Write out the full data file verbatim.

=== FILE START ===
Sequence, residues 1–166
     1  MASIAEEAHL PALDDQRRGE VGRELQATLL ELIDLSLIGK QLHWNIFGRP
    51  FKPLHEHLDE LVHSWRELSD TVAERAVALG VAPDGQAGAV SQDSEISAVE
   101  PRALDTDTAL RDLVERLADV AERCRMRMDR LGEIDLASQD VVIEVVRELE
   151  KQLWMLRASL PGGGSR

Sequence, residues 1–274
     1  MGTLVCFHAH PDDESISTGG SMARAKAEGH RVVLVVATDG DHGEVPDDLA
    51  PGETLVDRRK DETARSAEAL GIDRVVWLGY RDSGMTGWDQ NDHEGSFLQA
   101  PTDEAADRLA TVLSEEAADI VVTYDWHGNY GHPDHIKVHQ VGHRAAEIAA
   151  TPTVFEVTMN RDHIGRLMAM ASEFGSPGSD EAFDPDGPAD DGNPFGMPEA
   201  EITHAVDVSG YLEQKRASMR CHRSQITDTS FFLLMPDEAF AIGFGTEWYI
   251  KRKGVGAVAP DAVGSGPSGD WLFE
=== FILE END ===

Sequence, residues 1–166
     1  MASIAEEAHL PALDDQRRGE VGRELQATLL ELIDLSLIGK QLHWNIFGRP
    51  FKPLHEHLDE LVHSWRELSD TVAERAVALG VAPDGQAGAV SQDSEISAVE
   101  PRALDTDTAL RDLVERLADV AERCRMRMDR LGEIDLASQD VVIEVVRELE
   151  KQLWMLRASL PGGGSR

Sequence, residues 1–274
     1  MGTLVCFHAH PDDESISTGG SMARAKAEGH RVVLVVATDG DHGEVPDDLA
    51  PGETLVDRRK DETARSAEAL GIDRVVWLGY RDSGMTGWDQ NDHEGSFLQA
   101  PTDEAADRLA TVLSEEAADI VVTYDWHGNY GHPDHIKVHQ VGHRAAEIAA
   151  TPTVFEVTMN RDHIGRLMAM ASEFGSPGSD EAFDPDGPAD DGNPFGMPEA
   201  EITHAVDVSG YLEQKRASMR CHRSQITDTS FFLLMPDEAF AIGFGTEWYI
   251  KRKGVGAVAP DAVGSGPSGD WLFE